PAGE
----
This ^^ is a photo of Salma Hayek outside of Stella McCartney’s runway show during Paris Fashion Week today. I know the fashionista know-it-alls will yell at me for not knowing this, but how is that Stella gets to show during Paris Fashion Week and not London Fashion Week? I don’t get it. Is her line owned by Francois-Henri Pinault in some way? Eh.
Anyway, continuing with our ongoing series, “Salma Hayek is pretty much like Goop these days, only somehow WORSE,” she has a new-ish interview with Stylist. You can read the full thing here (it’s very, very long), and here are some highlights:
Coming to Hollywood from Mexico: “They thought I was crazy. You have to remember that at that time, there was no-one working in Hollywood who was Mexican. It was like a taboo. Isn’t that crazy? You could not get a job if you were Mexican. The people I was auditioning for would make fun of Mexico and frankly, would make fun of me too, like, “What are you doing here?” It was humiliating. I felt, “How stupid of them not to give someone a chance because they are from another country.” I was shocked. I hadn’t experienced discrimination before, but even if I had, it would still be stupid. It doesn’t change how stupid it is, discrimination, whether you have experienced it before or for the first time. It doesn’t justify it – it’s just dumb.
Typecasting Latinas: “Many times it made me want to give up. Like anybody in any job, you confront mediocrity – and I am sure every woman can identify with what I am saying – there are so many times when the choices of people in charge are silly, yet you are helpless. For example, I had many situations where they would say, “That was brilliant. If you were American, you would definitely have got the job. If you could get rid of your accent, you would be perfect.” That’s silly. If I moved you, if this character would gain something by my interpretation, what do you care? I would understand if the role was for a Norwegian model – I’m wrong for the part. But if the role is a waitress, sometimes they would say, “It’s not a Mexican waitress.” So they would say “no”. I think I changed it. I think Jennifer [Lopez], myself and Penélope [Cruz] changed it. That generation. We had it tough. Now it’s a lot easier.
Being broke, wearing Chanel: “At some point, here in LA, I went completely broke, and I remember looking at my designer clothes, they were so expensive – I was very much into Chanel at the time – but I knew I couldn’t pay the rent with them. I would go to auditions in Chanel too but they didn’t get me parts or pay the rent. I remember realising how useless the designer clothes were. I needed a job – it was hard.”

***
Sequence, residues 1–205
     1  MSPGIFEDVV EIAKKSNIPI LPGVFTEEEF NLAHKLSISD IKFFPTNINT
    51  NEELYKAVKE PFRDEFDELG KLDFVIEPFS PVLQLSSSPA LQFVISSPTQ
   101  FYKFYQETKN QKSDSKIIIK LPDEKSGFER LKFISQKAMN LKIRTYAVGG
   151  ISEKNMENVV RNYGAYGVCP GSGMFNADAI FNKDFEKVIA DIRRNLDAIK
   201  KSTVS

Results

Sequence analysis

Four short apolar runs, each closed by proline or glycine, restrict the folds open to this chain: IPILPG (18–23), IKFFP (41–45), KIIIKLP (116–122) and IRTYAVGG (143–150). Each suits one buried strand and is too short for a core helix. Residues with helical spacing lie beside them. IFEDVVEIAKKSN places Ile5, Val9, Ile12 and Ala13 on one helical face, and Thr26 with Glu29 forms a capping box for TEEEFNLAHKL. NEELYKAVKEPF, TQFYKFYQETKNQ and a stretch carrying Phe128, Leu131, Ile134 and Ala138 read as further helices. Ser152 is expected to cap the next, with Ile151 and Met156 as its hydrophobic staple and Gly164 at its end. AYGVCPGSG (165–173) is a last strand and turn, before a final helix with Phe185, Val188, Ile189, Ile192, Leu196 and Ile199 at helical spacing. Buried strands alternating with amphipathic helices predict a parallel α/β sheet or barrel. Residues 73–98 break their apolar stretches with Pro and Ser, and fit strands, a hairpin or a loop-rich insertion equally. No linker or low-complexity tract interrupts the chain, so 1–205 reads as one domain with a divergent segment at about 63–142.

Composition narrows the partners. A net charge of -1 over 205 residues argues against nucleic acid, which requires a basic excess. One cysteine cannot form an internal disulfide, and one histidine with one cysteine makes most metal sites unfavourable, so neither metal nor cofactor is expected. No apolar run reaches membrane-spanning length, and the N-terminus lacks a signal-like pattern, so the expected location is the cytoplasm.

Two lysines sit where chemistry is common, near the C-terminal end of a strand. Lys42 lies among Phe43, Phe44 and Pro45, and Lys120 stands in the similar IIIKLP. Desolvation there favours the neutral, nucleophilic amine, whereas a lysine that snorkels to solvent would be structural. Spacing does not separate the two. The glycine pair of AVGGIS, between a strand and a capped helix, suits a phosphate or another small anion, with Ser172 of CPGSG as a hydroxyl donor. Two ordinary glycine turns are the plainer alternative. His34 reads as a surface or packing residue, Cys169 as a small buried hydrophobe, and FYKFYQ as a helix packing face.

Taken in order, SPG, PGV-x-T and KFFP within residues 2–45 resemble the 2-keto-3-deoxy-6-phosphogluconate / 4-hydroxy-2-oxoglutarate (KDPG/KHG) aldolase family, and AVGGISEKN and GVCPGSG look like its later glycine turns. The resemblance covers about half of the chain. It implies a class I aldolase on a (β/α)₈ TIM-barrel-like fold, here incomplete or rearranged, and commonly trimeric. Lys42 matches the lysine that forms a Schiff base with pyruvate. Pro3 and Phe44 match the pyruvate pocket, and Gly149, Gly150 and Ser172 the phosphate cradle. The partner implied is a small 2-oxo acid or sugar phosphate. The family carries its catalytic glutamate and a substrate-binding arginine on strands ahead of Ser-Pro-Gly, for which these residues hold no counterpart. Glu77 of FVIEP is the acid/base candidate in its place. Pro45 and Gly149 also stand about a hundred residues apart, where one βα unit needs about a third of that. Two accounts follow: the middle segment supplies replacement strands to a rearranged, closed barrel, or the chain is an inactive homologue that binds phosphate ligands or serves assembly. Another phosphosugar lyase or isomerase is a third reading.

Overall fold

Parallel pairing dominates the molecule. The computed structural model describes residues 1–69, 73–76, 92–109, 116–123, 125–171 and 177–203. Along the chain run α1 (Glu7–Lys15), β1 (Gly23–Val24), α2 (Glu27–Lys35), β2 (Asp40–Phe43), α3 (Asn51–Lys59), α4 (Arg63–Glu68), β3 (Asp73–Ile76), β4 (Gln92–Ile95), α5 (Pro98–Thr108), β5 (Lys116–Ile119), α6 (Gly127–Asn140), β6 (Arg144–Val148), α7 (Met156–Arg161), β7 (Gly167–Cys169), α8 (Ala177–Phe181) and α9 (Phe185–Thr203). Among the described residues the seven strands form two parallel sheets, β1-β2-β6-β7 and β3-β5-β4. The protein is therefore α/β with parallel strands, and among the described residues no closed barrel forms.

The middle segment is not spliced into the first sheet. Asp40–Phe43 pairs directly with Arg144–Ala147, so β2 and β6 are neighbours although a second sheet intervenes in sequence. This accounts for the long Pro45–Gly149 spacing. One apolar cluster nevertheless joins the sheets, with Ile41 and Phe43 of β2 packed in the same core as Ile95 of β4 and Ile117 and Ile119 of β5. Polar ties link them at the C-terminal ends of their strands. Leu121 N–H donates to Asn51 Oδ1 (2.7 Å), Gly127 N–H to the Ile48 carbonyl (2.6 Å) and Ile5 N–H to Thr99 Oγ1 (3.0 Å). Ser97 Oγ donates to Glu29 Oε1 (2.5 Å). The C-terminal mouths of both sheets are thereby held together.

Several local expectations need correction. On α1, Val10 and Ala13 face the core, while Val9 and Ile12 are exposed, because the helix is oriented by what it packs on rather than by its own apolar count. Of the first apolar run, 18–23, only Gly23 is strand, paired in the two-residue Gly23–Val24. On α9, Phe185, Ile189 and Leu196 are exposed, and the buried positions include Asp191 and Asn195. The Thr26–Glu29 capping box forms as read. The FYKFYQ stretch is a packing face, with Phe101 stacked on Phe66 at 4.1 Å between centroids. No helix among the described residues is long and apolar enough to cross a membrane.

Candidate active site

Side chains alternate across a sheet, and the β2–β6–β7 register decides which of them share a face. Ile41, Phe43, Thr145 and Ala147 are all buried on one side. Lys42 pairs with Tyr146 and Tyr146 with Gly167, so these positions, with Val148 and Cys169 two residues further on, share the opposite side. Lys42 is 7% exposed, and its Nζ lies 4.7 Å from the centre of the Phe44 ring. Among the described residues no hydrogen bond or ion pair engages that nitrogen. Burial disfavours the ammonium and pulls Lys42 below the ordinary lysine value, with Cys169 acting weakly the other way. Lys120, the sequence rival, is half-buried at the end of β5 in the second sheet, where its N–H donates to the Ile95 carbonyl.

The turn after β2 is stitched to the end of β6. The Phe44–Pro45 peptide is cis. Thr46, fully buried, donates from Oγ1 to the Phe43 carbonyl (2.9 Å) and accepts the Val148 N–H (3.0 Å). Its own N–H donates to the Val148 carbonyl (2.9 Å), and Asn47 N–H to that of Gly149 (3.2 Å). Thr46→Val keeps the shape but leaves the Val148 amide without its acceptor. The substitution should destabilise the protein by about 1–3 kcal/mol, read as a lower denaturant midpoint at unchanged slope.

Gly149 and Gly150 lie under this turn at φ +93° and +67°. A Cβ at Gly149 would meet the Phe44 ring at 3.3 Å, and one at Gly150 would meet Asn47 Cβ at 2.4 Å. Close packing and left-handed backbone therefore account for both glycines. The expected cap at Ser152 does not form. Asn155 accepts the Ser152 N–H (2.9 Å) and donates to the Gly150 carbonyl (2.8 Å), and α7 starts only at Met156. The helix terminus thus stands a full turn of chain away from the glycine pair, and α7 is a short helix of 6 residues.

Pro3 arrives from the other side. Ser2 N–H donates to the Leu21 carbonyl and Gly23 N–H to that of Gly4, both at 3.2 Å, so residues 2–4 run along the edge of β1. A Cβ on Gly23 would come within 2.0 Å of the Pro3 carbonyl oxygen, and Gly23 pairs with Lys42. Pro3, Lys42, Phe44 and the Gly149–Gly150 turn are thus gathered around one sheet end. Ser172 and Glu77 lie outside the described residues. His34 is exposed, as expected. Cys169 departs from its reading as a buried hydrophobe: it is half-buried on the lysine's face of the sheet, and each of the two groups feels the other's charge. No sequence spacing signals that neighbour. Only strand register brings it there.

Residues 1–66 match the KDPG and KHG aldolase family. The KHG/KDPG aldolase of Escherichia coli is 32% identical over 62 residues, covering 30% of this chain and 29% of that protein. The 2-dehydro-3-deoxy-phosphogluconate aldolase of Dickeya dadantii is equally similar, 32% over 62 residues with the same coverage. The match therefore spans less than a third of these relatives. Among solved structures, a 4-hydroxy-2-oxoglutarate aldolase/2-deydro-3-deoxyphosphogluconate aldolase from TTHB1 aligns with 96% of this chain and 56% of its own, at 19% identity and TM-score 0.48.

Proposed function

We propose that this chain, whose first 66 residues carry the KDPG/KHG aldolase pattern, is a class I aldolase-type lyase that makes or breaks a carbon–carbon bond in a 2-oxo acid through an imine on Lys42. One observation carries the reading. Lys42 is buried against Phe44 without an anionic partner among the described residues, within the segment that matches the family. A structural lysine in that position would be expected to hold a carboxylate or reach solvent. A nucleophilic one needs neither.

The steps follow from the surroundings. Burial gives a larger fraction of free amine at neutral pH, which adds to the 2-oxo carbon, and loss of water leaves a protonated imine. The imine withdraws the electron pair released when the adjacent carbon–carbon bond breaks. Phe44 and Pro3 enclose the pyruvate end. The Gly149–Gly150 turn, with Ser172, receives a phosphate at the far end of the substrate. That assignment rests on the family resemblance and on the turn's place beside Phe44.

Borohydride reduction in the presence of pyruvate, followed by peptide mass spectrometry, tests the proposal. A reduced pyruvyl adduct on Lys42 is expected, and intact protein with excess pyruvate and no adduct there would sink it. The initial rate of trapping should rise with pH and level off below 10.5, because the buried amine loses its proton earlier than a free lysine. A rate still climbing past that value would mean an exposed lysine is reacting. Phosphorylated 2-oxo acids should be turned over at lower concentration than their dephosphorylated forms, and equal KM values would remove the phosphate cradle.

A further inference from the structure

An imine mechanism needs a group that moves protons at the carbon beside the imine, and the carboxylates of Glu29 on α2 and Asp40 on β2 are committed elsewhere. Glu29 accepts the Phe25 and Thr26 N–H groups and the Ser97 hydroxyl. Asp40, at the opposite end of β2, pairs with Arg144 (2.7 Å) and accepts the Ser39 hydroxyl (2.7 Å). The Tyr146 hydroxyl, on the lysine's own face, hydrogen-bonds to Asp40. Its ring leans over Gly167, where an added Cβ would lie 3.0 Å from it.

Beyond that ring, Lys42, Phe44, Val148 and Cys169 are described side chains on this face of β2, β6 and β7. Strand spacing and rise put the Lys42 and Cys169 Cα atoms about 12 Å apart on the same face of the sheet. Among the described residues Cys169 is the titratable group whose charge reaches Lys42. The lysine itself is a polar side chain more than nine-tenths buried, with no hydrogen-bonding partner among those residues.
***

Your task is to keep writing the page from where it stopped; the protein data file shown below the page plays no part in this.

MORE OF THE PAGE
Advice to women: “You have to believe in yourself. You have to take care of yourself, work for yourself, believe in yourself, and also be patient with yourself. Learn when not to push too hard, and give yourself a break. Make sure that what you want is what you want, and not what society expects of you, or how you can impress the idiots. It’s what you want.”
How she defines feminism: “It means being proud of being a woman, and [having] love, respect and admiration and the belief in our strong capacities. I don’t think we are the same, women and men. We’re different. But I don’t think we are less than men. There are more women than men in the world – ask any single woman! So it is shocking that men are in more positions of power.”
American violence, Mexican violence: “[Violence] is a reality. I do wish there were other realities shown about my country, but the redemption with this is that at least it shows that the Americans are just as involved. There are tens of thousands of deaths in Mexico, but do you know where they get the arms? They all come from America, and no-one talks about it. It’s disturbing to the point where you can’t sleep. It’s even more disturbing when you think that it actually happens. Have you heard about the city of Juárez? The women that disappear? Over 600 women, between the ages of 16 and 24, cut into pieces, mutilated, burned. This has been happening for a long time.”
Playing a character (in Savages) who is trapped in her house: “She’s in jail. A little bit like fame. I forget I’m famous. I live in France and the French are too cool to display any kind of excitement if you are famous, especially where I live, so I completely forget. I have it good.”
Where she’s happiest: “I am happiest with my family in the country, whether it’s my ranch or the country house close to Paris. I like the outdoors, I love gardens, plants, trees. I’ll go for a hike, or take a run in the park. I like the simplicity and the complexity of nature, and the beauty. I love the different seasons, because I grew up by the beach where it was always hot. Or I really enjoy a good football match. I adore it. I know I should be saying, “I love my shopping sprees,” but that’s what I like. I love soccer. It’s something that ignites my fire. I become very, very passionate and, at the same time, very emotional about it. I’m tough, but it’s one of the few things that can make me cry.”
I tend to think Salma plays a little fast and loose with the details of how “broke” she was when she first came to Hollywood. She comes from a wealthy family, she was already a famous actress in Mexico, and while her family might not have been supporting her financially in LA, SHE STILL HAD CHANEL CLOTHES. I’m sorry, but any story about poverty which includes the phrase “I was very much into Chanel at the time” IS NOT A STORY ABOUT POVERTY. It’s like saying, “I was once so poor, I was only living on the interest from my investments.” #richbitchproblems
Photos courtesy of WENN, Pacific Coast News.